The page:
7. Contingencies

      When you put in an offer on a home, you can specify certain conditions that must be met before the deal will go through – these are called contingencies. You have to make sure you can actually get the loan (a financing contingency), that the inspection doesn’t show anything too crazy (inspection contingency), and that the appraised value is close to what you’re offering to pay (appraisal contingency). Those are just a few common examples; there are several other types of contingencies, which you should discuss with your REALTOR®.

    8. Offers and Contracts

      Once you find the right home, you’ll make an offer on the property with the help of an agent or attorney. If the seller counters your original offer, it’s usually because they want more money or a faster timeline for closing the deal, at which point you’ll have to negotiate. When submitting an offer, it’s a good idea to add a personal touch by including a cover letter that explains why you want to buy the home.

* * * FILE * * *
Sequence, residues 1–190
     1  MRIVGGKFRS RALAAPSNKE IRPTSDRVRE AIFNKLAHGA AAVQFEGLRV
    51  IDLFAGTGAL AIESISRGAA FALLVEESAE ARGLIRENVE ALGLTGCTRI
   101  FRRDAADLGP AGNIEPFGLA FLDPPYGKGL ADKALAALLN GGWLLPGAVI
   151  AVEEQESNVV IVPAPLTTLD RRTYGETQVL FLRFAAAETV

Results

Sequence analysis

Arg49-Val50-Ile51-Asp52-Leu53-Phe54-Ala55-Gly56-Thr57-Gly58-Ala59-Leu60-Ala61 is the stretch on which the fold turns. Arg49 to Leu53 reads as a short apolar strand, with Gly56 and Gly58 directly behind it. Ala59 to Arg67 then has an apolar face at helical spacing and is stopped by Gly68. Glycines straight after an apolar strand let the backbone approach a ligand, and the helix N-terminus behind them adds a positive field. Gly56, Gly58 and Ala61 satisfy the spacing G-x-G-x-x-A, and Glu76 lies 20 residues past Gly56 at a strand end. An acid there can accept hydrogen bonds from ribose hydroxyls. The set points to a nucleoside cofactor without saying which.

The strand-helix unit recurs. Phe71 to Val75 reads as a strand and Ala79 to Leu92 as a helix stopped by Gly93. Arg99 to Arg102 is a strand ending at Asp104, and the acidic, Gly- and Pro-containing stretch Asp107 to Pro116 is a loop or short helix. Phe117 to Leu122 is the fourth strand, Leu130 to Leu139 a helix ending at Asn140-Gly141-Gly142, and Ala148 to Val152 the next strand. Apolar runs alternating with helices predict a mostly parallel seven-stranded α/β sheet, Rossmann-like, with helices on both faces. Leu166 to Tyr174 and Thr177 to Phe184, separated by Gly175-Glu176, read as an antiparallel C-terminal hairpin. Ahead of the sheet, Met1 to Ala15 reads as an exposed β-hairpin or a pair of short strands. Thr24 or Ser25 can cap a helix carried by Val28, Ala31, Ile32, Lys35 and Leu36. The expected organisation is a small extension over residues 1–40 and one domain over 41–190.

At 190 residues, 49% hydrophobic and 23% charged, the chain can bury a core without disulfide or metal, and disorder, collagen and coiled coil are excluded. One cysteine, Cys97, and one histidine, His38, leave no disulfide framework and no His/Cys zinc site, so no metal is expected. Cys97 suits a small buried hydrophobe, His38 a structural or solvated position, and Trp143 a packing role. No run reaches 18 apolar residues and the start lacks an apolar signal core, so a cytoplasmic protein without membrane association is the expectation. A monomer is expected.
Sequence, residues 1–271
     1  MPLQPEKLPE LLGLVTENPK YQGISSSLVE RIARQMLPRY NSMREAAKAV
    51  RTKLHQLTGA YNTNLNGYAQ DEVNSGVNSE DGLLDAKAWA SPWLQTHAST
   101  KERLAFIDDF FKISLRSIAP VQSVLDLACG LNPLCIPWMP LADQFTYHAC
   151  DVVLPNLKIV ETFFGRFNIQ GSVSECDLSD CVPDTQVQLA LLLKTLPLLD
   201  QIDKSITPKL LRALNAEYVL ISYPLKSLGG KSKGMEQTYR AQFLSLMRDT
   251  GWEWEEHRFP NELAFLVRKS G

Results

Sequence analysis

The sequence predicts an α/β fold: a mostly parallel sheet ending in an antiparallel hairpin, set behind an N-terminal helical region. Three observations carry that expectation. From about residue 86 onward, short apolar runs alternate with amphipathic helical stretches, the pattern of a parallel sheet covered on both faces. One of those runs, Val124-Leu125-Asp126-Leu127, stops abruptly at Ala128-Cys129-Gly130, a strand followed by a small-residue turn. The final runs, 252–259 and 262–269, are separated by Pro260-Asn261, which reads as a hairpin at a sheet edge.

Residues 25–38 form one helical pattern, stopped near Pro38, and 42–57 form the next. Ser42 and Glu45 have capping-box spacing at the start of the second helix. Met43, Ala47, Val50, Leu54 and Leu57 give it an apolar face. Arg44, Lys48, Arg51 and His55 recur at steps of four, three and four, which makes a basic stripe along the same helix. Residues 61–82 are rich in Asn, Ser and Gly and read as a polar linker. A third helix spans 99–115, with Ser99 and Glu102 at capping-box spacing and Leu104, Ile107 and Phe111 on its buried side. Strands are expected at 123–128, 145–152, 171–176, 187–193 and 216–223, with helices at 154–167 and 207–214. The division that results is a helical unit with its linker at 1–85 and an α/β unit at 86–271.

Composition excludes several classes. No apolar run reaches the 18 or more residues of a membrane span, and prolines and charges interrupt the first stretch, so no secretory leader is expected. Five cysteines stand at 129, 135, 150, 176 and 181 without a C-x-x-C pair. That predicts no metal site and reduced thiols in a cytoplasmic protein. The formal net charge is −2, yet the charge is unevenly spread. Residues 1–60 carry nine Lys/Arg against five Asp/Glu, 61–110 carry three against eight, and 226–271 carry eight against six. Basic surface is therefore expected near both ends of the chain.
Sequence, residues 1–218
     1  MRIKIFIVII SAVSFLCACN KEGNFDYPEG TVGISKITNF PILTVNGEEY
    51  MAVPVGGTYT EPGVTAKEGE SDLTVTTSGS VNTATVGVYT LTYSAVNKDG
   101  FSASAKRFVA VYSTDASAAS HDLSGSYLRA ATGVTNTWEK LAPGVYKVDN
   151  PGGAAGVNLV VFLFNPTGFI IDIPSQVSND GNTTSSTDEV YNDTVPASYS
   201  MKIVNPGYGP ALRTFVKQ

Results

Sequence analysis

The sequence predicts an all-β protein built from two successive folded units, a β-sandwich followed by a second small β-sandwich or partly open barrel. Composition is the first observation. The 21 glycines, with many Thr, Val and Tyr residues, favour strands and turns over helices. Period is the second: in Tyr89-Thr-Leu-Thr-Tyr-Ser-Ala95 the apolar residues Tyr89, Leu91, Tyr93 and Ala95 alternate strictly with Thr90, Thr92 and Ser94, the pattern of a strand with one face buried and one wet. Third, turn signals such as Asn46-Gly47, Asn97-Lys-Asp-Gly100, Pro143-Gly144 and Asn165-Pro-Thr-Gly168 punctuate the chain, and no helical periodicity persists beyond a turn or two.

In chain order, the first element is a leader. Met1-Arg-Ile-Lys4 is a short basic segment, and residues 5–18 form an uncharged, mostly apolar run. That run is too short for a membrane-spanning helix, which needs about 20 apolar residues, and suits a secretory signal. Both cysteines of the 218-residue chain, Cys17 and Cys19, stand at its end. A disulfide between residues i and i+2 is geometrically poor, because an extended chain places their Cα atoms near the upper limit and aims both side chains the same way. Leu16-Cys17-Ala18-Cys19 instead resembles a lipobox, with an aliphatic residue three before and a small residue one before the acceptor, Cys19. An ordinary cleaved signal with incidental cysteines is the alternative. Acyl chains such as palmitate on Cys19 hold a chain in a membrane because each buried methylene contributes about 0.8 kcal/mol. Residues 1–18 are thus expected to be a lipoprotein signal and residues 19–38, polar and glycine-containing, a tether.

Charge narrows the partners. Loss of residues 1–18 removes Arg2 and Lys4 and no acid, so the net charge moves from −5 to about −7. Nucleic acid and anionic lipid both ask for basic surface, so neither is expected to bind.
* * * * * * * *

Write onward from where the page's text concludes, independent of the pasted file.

9. Closing Costs

      Be prepared to pay a lot of fees when you purchase a home. Typically, closing costs will amount to 2-5% of the purchase price of the home, and that doesn’t include the down payment. Common fees include excise tax, loan-processing costs and title insurance. 

    10. Title Insurance

      After all the negotiations are done and the seller has accepted your offer, you should receive a home title report within a week. Most mortgage lenders require you to pay title insurance as part of the closing costs; title insurers search the public records to make sure the home seller actually had rights to the title and that there are no liens on the home (like an unpaid contractor or unpaid taxes).